Ketone Drinks: Do They Really Improve Sports Performance?

The stories of Asterix and his friend Obelix introduced us to a magical potion that comes in a small bottle and doesn’t taste very good, but greatly increases strength and physical fitness. Sports nutrition scientists have long sought to find or develop a compound with such characteristics.

Many supplements have been proposed, but few actually work.

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The latest supplement that gets a lot of attention is ketones. They come in small bottles and their taste is to put it bluntly awful. Due to their high price and claimed improvement gains, many have called for their ban. But do they really improve performance?

First, let’s look at what ketones are.

During exercise, and even at rest, we get the energy we need by breaking down carbohydrates and fats. While most tissues can use fat, the brain relies on glucose (a form of carbohydrate). Once the body’s carbohydrate stores are depleted, glucose begins to be produced in limited quantities from other sources, including skeletal muscle protein and the byproducts of fat breakdown. This, however, provides less than what the brain needs, which is more than 100 grams of glucose per day.

When the availability of carbohydrates decreases, the liver begins converting fat into ketone bodies, as ketones are properly called, which provide an alternative source of fuel for the brain. Ketone bodies can also be utilized in other tissues, such as muscle, and could possibly be used as fuel during exercise.

One of the popular diets these days is the so-called keto diet. The idea behind it is that if carbohydrate intake is reduced to less than 50 grams per day, the body produces ketone bodies for brain fuel while other tissues rely on fat for fuel.

While this diet may work for weight loss, many studies have shown that sports performance is impaired. This is not surprising as carbohydrates are essential to sustain high intensity exercise.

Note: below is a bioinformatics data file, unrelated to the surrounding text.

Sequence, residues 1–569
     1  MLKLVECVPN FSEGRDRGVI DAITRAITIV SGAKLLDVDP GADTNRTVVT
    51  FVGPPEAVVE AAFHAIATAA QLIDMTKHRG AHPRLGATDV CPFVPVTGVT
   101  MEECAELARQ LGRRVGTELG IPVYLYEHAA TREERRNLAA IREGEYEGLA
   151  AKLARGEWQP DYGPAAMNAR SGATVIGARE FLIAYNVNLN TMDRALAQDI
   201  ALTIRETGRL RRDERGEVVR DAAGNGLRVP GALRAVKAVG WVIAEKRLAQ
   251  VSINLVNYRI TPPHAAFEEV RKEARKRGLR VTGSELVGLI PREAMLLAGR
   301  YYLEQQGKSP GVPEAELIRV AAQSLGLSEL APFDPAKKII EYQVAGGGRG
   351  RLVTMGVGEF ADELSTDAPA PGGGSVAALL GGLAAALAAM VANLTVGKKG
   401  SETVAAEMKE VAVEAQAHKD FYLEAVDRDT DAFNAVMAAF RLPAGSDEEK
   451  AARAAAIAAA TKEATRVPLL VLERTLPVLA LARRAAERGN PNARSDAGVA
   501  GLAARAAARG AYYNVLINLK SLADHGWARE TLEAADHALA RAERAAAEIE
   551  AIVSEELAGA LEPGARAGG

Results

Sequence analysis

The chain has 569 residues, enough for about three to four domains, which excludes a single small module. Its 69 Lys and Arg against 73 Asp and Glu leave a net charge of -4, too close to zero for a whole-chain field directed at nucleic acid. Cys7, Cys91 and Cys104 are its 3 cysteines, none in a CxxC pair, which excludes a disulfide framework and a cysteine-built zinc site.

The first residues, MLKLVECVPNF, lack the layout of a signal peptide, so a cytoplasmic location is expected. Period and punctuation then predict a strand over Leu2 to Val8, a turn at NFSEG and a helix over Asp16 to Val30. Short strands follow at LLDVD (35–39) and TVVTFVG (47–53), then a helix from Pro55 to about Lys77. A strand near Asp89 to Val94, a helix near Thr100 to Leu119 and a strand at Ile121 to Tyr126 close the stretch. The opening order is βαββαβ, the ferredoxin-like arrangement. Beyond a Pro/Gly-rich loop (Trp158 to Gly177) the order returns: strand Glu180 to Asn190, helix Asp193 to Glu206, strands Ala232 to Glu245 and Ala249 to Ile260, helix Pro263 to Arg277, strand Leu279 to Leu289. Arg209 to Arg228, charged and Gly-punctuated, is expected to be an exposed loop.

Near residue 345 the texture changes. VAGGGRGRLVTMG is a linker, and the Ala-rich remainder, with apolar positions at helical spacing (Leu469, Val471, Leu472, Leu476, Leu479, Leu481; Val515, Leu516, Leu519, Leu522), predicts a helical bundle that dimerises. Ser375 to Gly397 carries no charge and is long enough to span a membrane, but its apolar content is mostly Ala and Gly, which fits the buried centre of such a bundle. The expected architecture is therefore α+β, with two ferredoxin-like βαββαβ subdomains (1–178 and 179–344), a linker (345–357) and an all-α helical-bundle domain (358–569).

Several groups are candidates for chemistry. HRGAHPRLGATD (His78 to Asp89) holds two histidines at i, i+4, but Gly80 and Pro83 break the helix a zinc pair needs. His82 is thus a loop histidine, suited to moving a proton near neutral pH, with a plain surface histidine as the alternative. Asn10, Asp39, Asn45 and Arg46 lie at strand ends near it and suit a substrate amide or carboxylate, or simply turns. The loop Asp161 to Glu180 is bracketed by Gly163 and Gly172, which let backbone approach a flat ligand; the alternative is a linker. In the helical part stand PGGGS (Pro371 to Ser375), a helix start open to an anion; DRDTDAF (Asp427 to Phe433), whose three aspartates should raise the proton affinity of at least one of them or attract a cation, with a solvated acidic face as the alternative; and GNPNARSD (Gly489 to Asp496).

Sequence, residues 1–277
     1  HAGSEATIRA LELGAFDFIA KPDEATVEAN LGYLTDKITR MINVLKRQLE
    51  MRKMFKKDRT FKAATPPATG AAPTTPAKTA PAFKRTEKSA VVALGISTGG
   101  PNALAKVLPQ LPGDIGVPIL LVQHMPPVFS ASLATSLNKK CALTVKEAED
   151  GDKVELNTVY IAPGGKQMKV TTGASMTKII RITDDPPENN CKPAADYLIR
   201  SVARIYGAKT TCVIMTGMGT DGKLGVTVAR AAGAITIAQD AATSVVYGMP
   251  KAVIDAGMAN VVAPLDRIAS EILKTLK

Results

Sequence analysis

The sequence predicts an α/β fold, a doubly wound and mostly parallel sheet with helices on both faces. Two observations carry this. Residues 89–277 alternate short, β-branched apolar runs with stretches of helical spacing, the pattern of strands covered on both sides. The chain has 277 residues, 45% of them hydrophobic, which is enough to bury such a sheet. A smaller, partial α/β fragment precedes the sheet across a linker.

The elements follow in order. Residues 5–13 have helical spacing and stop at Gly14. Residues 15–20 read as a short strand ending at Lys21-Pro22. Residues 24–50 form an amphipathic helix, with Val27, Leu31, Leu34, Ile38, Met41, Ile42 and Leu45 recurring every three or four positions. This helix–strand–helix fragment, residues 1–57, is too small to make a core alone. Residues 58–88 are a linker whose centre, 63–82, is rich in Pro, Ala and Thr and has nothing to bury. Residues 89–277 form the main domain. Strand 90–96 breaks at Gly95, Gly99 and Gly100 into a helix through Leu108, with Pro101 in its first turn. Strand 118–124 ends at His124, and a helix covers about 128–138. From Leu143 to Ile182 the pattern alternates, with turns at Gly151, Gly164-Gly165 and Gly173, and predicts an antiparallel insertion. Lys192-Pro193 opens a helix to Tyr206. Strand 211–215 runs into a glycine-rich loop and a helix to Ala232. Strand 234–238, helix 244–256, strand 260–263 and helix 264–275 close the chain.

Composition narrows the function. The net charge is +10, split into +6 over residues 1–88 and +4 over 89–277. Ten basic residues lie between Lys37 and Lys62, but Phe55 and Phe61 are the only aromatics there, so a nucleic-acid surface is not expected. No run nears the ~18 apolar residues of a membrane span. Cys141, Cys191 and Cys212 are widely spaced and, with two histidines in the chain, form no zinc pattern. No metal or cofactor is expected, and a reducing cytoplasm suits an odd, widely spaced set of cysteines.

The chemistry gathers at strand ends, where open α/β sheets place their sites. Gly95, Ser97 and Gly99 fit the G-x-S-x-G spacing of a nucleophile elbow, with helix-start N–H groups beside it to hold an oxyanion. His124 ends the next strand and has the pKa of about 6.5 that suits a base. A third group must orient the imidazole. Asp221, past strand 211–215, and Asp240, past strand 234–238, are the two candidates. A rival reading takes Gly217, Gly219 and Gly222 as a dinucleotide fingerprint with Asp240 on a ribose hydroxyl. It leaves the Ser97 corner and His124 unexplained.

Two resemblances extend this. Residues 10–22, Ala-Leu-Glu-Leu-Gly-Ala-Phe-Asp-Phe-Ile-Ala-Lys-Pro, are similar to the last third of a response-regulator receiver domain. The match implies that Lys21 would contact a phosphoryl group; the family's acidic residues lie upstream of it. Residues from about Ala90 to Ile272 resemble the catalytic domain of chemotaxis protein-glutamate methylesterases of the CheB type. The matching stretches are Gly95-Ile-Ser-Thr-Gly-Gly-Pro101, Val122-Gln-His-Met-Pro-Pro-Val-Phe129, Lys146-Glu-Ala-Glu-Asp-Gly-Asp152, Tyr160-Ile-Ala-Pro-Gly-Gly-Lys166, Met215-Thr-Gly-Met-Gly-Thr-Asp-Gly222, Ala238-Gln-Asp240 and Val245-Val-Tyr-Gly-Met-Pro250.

Nuts, fish, avocado, oil
The keto diet might help with weight loss, but sportsmen need carbohydrates.
Oleksandra Naumenko/Shutterstock

Ketone Supplements: The Best of Both Worlds?

Because ketone bodies can be a source of energy, just like carbohydrates and fats, scientists have become interested in supplements that would increase blood ketone body concentrations without reducing carbohydrate availability. In this way, at least in theory, athletes could benefit from the use not only of carbohydrates and fats but also of ketone bodies, the use of which could save precious carbohydrates which are stored in very limited quantities.

Many attempts have been made to develop a ketone supplement. Initially, most ketone supplements caused gastrointestinal problems and did not sufficiently increase the availability of ketone bodies.

For example, an Australian study published in 2017 of professional cyclists used a diester ketone supplement (a ketone body bound to a compound called a diester) and reported impaired time trial performance, accompanied by significant intestinal discomfort and an increase limited availability of ketone bodies.

A new ketone monoester drink (ketone body bound to a compound called a monoester) has been shown not to cause gastrointestinal discomfort and sufficiently increase blood ketone body concentrations. However, this did not lead to an improvement in performance, as a new study by researchers at McMaster University in Canada has shown. They found that the ketone supplement impaired performance of a 20-minute time trial by 2.4% compared to a placebo.

The mechanisms underlying these findings are not yet clear. The most likely explanation is that this reduction in exercise performance occurs because ketone supplements make the blood more acidic, something that has long been known to impair performance.

There is some limited evidence that combining ketones and baking soda supplements might counteract this. However, the jury is still out as not all studies show this.

Ketones on the rise

It appears that consuming ketones before or during exercise provides no benefit to exercise performance. Indeed, it can compromise it. However, there is some evidence from KU Leuven, a research university in Belgium, that taking ketone supplements during resistance exercise recovery can help reduce the symptoms (called overreaching) associated with overtraining. But there is no evidence to suggest that ketone supplementation will provide any benefit to athletes during regular training.

It appears that ketones are nowhere near as efficient as the magic potion used by Asterix, and we will continue to search for the lost village druid recipe from the Getafix series.

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